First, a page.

Considering we are, by the government’s own admission, not going to go into another lockdown (this current easing being, as it were, “irreversible”), this would ultimately make such a guarantee nothing more than a demonstration of goodwill for an optimistic Conservative government. This has been seriously problematic for festivals and is the root cause of the cancellation of Glastonbury and Boomtown, to name only the biggest two. Back in January, parliament’s Culture Select Committee was told that for smaller festivals, Covid cancellation insurance and an extension of the VAT cut on live music tickets were necessary for keeping afloat in such difficult time. More recently, the Association of Independent Festivals issued a “red alert” warning to festivals, predicting as many as 76% of July and August festivals would fail without insurance.
This is not the only failure the Government has shown in with regards to music. Indeed, this week it was announced that Gavin Williamson plans to cut government funding for arts courses nearly in half, due to them not being amongst their “strategic priorities.” Jarvis Cocker in particular has been critical of the plans, telling the Guardian that “It always seems to be that it’s art education that seems to be this expendable thing, as if it’s not important, and it is.”
These latest cuts raise questions as to how places of higher education, in both universities and specialised schools, will be in a position to offer as high a value of teaching. It has also been discussed that because the arts are so specialist and require significant amounts of equipment, if a school or university cannot afford it, the expenses must fall upon the students, alienating those unable to cope with the financial burden.
Where, then, does this leave musicians? For the past year struggling bands have relied predominantly on record sales, funding through labels, and merchandise, with up-and-coming independent bands pressured to release new music as their only means of fresh income, and while this has been beneficial for some (the Snuts and Vistas come to mind) it has been detrimental to a great wealth of less successful artists and puts increased pressure on musicians to either work to make money or to give up.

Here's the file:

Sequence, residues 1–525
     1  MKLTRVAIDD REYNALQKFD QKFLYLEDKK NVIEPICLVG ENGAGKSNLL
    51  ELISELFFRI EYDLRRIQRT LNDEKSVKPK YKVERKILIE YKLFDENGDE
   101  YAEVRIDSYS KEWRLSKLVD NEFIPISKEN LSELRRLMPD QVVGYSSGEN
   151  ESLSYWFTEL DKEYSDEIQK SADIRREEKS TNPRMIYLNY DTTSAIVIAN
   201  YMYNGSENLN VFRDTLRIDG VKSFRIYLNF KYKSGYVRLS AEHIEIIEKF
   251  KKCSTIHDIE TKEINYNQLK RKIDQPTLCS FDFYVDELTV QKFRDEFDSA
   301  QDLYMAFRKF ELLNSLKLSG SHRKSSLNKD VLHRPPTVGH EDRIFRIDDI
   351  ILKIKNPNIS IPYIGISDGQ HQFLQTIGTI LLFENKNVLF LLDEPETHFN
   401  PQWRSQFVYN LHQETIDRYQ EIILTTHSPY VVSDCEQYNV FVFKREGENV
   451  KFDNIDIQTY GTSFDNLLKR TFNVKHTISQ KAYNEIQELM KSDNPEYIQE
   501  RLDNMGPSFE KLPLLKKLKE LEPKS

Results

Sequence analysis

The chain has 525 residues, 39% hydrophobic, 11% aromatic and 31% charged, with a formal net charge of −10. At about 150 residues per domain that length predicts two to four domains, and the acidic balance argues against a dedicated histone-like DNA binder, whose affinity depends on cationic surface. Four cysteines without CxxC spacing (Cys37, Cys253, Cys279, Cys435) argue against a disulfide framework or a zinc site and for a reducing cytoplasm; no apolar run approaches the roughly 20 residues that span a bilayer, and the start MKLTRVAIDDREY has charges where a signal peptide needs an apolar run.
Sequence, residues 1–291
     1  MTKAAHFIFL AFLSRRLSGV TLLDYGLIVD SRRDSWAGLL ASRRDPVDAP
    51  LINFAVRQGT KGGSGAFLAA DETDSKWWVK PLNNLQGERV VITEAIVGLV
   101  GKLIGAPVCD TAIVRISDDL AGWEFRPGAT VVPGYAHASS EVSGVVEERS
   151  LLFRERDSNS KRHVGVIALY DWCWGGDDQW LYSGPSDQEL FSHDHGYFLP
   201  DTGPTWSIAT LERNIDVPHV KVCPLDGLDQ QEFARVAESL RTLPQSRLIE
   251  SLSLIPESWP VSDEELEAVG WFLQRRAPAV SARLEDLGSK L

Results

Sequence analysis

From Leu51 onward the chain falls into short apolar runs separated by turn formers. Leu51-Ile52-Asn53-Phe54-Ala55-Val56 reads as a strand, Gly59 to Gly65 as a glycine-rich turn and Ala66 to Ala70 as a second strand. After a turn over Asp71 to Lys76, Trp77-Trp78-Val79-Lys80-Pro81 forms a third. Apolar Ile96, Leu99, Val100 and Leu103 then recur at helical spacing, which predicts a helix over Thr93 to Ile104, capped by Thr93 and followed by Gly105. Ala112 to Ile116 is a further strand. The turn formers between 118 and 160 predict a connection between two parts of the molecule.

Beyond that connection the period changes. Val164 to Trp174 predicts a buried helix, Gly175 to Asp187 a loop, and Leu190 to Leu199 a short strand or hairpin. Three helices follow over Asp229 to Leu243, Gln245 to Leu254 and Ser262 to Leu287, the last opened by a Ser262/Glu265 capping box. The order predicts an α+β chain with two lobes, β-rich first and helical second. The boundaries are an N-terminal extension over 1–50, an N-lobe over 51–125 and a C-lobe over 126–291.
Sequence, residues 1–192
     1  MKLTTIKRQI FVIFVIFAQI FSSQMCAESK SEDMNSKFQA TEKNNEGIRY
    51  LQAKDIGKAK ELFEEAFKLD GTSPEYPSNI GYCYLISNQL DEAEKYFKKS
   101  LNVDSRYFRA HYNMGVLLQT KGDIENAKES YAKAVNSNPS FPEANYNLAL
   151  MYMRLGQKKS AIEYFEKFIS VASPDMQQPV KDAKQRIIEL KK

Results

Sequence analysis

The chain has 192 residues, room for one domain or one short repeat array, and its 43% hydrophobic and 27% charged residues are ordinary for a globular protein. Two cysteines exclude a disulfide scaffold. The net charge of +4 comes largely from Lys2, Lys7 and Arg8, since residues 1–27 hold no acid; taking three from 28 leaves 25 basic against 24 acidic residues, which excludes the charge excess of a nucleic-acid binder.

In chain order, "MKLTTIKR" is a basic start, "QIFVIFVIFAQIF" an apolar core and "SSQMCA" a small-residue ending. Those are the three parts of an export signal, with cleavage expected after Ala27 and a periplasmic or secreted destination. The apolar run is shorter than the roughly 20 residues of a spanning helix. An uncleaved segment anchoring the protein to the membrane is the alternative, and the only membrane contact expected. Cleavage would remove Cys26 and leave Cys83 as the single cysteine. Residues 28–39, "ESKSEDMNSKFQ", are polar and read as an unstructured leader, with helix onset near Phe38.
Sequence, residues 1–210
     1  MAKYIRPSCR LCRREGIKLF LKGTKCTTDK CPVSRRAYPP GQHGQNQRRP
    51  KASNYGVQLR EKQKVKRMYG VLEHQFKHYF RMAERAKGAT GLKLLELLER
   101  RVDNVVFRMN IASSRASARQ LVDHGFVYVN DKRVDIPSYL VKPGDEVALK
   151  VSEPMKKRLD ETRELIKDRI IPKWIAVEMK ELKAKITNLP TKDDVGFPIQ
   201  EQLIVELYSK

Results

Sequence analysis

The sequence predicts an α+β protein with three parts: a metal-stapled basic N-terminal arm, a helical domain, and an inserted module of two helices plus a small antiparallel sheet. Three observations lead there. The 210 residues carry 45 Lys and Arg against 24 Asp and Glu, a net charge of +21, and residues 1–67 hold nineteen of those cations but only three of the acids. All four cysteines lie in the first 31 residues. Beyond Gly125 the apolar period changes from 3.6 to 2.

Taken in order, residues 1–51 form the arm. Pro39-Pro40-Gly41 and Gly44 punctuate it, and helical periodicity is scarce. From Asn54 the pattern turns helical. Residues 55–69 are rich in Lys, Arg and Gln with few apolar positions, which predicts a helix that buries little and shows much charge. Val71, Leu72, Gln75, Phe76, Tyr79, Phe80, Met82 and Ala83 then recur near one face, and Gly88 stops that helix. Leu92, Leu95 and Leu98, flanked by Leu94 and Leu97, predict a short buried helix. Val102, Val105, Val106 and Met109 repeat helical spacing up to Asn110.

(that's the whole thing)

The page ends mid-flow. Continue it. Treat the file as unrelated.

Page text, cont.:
All this being said, there has been promise in the latest Liverpool trials, where non-socially distanced, non-mask wearing gig-goers were lucky enough to experience the first trial festival, boding well for the summer. This marks the beginning of a final return of nightclubs and gigs, an industry that has seen over half of all nightclub workers made redundant (according to an All-Party Parliamentary Group February report.) The effect of this return on cases, R numbers and business is impossible to predict, and it is always a risk that this will cause such an increase that the science directs the country into another lockdown.
If this happens, it will have perhaps the most significant impact on small hospitality business and venues of all of the lockdowns thus far and would likely spell the end for the majority of surviving independent clubs and bars. However, with the success of the vaccine rollout, as well as the reduction in cases, one can only hope that once everything has re-opened, especially beyond June 21st, Britain will see a revival of an eager, excited musicians desperate to return to stages and festivals across the country, even in the face of a government that did nothing to protect them.